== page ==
Saturday, March 16, 2013

Velocity Notes on Gausman, Bundy, Belfiore

I watched the Orioles play the Rays in a Spring Training broadcast. There was a broadcast gun, so I charted all the pitches I could for three Orioles pitchers. I put them all in this spreadsheet, which you can see by clicking on the link (I didn't put it in the post because it is just the numbers and kind of boring really).

I thought the velocity on the broadcast was a little down, as Jeff Niemann (though there were stories that his velocity is just down right now) and Jim Johnson seemed to both be down a tick.

Kevin Gausman was the Orioles first round pick in 2012 and he started the game.

Overall Average: 88.9 MPH

Fastball Average: 92.72 MPH

Garrett Richards is the closest comparison as far as overall velocity for starting pitchers, which is very good, of course, with a bias of Gausman throwing a lot of fastballs. Kyle Weiland is actually the best comparison for him fastball wise, right at 92.72 MPH, in the top 26 % of pitchers, very solid velocity.

I had some problems differing from what I call his slider and I call his changeup, especially since they were so similar in velocity. From the best I can tell:

Curve/Slider: 78.88 MPH

Change: 80.5 MPH

From Mark Anderson's scouting report on Gausman, his fastball averages between 92-93 MPH, which is what we saw. Unfortunately, Anderson (nor Perfect Game) has velocities on the breaking pitch, but the "curveball" is 12-6 in nature, and that is not the pitch I saw. While he has good hard curve velocity, it breaks like a slider. It has well below average velocity, as does the change. Of course, their may be some misclassifications on my part, but his breaking pitches (his non fastball averaged 79.73 as a whole) don't really match his fastball in velocity.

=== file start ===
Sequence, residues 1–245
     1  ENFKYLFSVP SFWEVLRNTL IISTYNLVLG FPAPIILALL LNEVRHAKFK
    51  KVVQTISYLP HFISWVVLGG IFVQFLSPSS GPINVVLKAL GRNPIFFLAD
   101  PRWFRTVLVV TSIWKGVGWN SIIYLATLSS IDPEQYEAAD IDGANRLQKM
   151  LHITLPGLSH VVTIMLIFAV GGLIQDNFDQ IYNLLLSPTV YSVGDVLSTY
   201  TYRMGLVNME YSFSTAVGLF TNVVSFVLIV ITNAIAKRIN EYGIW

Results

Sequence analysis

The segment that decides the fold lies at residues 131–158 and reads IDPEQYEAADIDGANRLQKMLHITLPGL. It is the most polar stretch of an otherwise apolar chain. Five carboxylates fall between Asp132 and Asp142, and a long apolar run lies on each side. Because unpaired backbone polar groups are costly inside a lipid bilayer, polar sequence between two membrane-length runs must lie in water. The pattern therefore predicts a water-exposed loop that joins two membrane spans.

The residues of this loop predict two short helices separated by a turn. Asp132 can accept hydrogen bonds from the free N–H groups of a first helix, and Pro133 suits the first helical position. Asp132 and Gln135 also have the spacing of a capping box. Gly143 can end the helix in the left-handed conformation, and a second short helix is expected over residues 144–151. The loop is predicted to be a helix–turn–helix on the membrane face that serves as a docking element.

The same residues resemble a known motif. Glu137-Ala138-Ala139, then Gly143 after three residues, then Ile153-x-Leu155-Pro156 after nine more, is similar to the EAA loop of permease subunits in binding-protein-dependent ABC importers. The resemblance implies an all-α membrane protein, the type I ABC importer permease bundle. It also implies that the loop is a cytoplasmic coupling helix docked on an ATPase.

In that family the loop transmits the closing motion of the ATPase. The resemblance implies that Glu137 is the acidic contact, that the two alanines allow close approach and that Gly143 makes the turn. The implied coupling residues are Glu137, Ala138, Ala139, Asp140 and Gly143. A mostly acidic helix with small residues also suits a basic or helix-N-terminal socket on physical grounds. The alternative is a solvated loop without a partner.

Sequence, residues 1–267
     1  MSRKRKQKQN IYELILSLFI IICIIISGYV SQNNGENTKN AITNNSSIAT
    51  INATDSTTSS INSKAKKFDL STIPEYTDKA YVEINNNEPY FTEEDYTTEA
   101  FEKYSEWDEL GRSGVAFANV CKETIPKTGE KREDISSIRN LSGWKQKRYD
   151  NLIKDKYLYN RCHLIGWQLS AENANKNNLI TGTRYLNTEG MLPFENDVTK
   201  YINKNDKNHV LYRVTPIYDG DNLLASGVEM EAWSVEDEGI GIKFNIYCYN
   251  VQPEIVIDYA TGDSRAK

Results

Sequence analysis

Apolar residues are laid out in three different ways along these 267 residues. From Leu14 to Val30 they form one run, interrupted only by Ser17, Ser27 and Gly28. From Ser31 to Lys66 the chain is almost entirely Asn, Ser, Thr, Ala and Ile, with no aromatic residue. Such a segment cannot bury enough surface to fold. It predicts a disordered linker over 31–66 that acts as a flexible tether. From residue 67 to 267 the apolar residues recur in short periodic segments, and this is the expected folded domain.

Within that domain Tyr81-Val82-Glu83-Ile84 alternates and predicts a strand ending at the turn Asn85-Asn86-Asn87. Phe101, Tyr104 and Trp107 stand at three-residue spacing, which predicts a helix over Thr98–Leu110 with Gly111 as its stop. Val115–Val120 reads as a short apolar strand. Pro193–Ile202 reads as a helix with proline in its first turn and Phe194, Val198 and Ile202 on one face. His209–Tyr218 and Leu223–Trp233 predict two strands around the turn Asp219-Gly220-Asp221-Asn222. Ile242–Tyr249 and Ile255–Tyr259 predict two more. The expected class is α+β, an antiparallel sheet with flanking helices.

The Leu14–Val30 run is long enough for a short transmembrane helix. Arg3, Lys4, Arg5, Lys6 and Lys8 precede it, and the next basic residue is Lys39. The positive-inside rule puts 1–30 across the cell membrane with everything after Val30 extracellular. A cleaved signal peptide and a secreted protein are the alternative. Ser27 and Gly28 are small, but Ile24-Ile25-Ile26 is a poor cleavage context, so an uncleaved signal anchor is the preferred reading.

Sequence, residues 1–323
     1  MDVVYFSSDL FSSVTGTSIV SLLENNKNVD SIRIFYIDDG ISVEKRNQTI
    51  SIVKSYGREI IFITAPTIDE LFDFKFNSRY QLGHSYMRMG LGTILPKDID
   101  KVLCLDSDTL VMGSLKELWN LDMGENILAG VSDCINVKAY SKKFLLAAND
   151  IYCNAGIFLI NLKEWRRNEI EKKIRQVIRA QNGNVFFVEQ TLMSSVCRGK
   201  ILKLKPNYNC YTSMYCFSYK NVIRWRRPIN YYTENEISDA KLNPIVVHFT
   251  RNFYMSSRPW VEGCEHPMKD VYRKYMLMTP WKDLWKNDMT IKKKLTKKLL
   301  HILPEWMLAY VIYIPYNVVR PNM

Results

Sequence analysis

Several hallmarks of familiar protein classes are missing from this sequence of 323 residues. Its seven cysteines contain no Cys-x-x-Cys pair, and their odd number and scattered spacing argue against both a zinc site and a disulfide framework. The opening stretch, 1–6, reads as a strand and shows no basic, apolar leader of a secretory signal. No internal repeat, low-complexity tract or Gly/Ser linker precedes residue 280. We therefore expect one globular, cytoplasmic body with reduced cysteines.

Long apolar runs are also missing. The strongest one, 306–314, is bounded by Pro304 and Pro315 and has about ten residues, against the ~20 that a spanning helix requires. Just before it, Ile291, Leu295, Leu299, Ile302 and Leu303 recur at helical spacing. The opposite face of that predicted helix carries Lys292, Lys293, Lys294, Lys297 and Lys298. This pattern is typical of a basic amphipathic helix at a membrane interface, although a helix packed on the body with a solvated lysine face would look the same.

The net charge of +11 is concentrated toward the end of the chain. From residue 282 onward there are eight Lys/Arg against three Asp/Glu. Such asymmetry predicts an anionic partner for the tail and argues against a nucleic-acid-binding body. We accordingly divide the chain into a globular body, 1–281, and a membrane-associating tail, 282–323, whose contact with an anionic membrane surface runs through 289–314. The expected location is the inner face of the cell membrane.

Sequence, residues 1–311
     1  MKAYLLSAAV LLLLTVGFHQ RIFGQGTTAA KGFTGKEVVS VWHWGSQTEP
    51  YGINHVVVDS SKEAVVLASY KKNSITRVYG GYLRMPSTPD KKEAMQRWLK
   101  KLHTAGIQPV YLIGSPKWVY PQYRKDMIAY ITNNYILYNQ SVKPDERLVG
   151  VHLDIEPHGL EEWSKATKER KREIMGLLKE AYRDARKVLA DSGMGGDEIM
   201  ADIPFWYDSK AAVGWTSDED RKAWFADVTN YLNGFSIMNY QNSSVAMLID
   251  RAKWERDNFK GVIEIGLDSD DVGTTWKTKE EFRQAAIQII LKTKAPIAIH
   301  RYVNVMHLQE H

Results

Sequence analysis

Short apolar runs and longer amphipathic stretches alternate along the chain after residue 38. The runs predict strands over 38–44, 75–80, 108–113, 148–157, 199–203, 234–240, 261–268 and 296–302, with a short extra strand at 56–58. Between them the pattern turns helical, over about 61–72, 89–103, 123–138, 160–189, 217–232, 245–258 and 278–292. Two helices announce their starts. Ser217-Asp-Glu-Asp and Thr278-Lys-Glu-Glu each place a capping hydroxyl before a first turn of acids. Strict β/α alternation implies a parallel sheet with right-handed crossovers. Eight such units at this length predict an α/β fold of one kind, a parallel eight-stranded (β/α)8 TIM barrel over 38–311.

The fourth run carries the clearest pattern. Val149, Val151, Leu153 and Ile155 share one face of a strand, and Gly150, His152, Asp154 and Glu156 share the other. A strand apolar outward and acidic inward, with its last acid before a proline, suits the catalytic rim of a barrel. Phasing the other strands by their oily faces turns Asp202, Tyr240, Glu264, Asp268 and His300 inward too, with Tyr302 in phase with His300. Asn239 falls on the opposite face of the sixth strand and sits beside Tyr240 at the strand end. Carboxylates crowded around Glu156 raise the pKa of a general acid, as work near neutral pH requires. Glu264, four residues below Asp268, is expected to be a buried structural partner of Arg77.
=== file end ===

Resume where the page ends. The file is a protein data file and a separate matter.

Dylan Bundy

Overall: 91.04

Fastball: 93.47

Change: 85.73

Slider: 79 MPH

We do have a little bit of Pitch F/X data on Bundy thanks to his promotion to the big leagues at the end of 2012. Even though he threw fastballs 63% of the time, his average pitch was thrown 85.20 MPH, below average for a reliever. The heavier dosage of fastballs in his relief outing that I saw helps his overall velocity to a pretty elite category. Comparing the velocity of his pitches to his time in the MLB is a little tricky as well. Comparing his velocities to his Brooks Baseball velocities, he is down across the board, something that he himself as complained about. However, when you look at the MLB AM data (at say, FanGraphs), the fastball is just over .2 MPH slower, and the change just about .4 MPH slower. This is because MLB AM and Brooks measure velocity a little bit differently. From what I understand, Brooks measures velocity starting from 55 feet away from the plate, trying to take in account a general release point, while the MLB AM measurements measures more like a traditional radar gun. So it isn't surprising that a stadium and broadcast gun would show some differences from Brooks (that is why, if you are using Brooks', use Brooks' leaderboards to compare velocities, and if you are using the MLB AM velocities, use FanGraphs' leaderboard). With all this said, while Bundy is still throwing hard, and I don't know if it is enough for it to be concerning, he does seem to be down velocity wise.

I saw Mike Belfiore pitch in AFL broadcasts, but I couldn't find any Pitch F/X data on him:

Overall: 87.75

Fastball: 89.6

Obviously didn't throw many breaking pitches, so the overall velocity has some bias. The fastball is obviously well below average for a reliever.

No comments:

Post a Comment